SOURCES OF NON-TAXABLE INCOME
Corporate Income Generated in Five States. Certain states encourage companies to conduct their business in those places by not taxing corporate income. Nevada, South Dakota, Texas, Washington, and Wyoming levy no corporate taxes. It enables firms to operate in these states, helping to improve the overall economic condition in the above-mentioned states.
Disability Insurance Payments. The said payments are normally taxable if coming from a policy with premiums, which were given by employers. However, some other classifications of such benefits are nontaxable.
- Any benefits from a supplemental disability insurance bought through an employer with post-tax dollars
- Any benefits from a private disability insurance plan purchased all by yourself with after-tax dollars
- Compensatory, but not punitive, damages for physical injury or physical sickness; permanent loss or loss of any body part; and permanent disfigurement
- Disability benefits from a no-fault car insurance policy for loss of earning capacity or income due to injuries
- Disability benefits from a public welfare fund
- Employees’ compensation received because an individual cannot work due to work-related injury
Employer-Provided Insurance. The worth of an accident or health plan coverage, provided by an employer, is excluded from one’s income. Some examples of employer-provided insurance include health insurance through an employer by a third party such as Aetna or Blue Cross, or coverage and reimbursements for medical care via health reimbursement arrangement. It also encompasses contributions on a health savings account, Archer MSA contributions, and employer-provided long-term care insurance.
Gift-Giving of Up to $13,000, Any Amount of Gift Receipt. Gifts are also taxable, according to IRA, except those income that are not taxable by law. Many gifts are nontaxable, and the gift giver always pay any tax that is due. One of the most common tax exclusions is an individual can gift up to a specific amount per donor every year without imposing tax on that. The following are nontaxable, too: charitable donations, political donations, tuition or medical expenses paid on behalf of another person, and gifts from employers.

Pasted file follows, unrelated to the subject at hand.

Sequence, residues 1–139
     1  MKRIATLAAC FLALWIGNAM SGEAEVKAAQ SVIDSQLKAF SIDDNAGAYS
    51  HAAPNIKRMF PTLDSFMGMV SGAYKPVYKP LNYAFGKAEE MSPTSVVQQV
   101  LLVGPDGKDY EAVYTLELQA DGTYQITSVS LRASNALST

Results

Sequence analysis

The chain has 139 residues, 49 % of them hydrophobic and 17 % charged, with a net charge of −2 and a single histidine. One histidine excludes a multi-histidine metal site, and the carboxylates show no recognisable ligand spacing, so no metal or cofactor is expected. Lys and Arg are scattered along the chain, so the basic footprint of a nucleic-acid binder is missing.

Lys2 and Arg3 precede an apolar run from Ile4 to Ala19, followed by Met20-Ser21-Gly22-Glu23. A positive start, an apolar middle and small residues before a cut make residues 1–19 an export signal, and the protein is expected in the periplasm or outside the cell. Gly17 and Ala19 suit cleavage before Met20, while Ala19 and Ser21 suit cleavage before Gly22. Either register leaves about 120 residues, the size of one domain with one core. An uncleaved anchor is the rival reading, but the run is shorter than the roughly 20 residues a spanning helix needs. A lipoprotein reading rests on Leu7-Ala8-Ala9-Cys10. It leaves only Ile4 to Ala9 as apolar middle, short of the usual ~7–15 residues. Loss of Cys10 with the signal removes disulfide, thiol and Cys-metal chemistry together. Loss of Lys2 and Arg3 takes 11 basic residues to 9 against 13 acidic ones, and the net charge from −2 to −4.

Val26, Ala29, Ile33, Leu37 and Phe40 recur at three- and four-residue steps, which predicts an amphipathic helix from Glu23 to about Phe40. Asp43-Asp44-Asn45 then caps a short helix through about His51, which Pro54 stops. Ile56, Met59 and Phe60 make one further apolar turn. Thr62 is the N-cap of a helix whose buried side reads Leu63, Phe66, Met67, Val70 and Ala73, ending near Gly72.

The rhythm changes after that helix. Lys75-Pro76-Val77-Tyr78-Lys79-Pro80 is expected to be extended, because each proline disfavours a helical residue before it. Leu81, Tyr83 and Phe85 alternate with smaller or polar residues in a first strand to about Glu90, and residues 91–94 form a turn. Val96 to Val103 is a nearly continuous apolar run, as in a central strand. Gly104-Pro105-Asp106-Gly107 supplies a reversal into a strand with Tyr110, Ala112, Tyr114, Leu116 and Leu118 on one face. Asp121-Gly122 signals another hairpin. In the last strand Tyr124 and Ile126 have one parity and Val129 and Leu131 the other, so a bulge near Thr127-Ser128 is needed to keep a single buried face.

Income in Nine States. Under the federalist system, every state has the capacity to make majority of its laws. Although most income is taxable at the federal level, and most states impose state tax on income, Alaska, Florida, Nevada, New Hampshire, South Dakota, Tennessee, Texas, Washington, and Wyoming decided not to tax the income of their residents. It encourages people to reside in these states without income tax to save more of their income.
Inheritance. Estate tax (or death tax) appears to always changing, which tends to unfairly penalize the inheritors of the wealthy since estates with up to a couple million are typically exempt from this. As of 2014, the amount of estate tax exemption is $5,340,000. Technically speaking, the estate tax belongs to the estate. If you are a beneficiary, and the estate falls into the exempt category, you will obtain all that income tax-free. But if the estate is higher than the exempt level, you will still attain the exempt amount tax for free.
Life Insurance Payouts. Income from this payout is generally not taxable if a loved one passes away and leaves a huge life insurance benefit. But there are certain exemptions in more complicated situations, as outlined in the IRS publication 525: Taxable and Nontaxable income.
Municipal Bond Interest. You need to pay local, state, and/or federal tax on the yield you earn when investing in bonds. But proceeds from municipal bonds are usually tax-free at the federal level, and at the state level if the holder lives in the same state where the bonds are issued in. This is applicable to municipal bonds invested or purchased through a municipal bond fund. Such bonds have lower rate of return than other bonds. But upon considering its after-tax return, holders may end up ahead by investing in these derivatives.
Sale of Principal Residence. Individuals and married couples can exclude up to $250,000 (individuals) from their income or $500,000 (married couples filing jointly) of capital gains from the sale of their house if they met complied with the ownership and use examinations of IRS. It means they have owned their house for at least two of the past five years and resided in it as their main residence for at least two of the past five years.
Up to $3,000 of Income Offset by Capital Losses. An investor can use their loss to cut their income by up to $3,000 annually if they sell their investments at a loss. Such losses can be transferred from year to year until the individual has been able to offset those.
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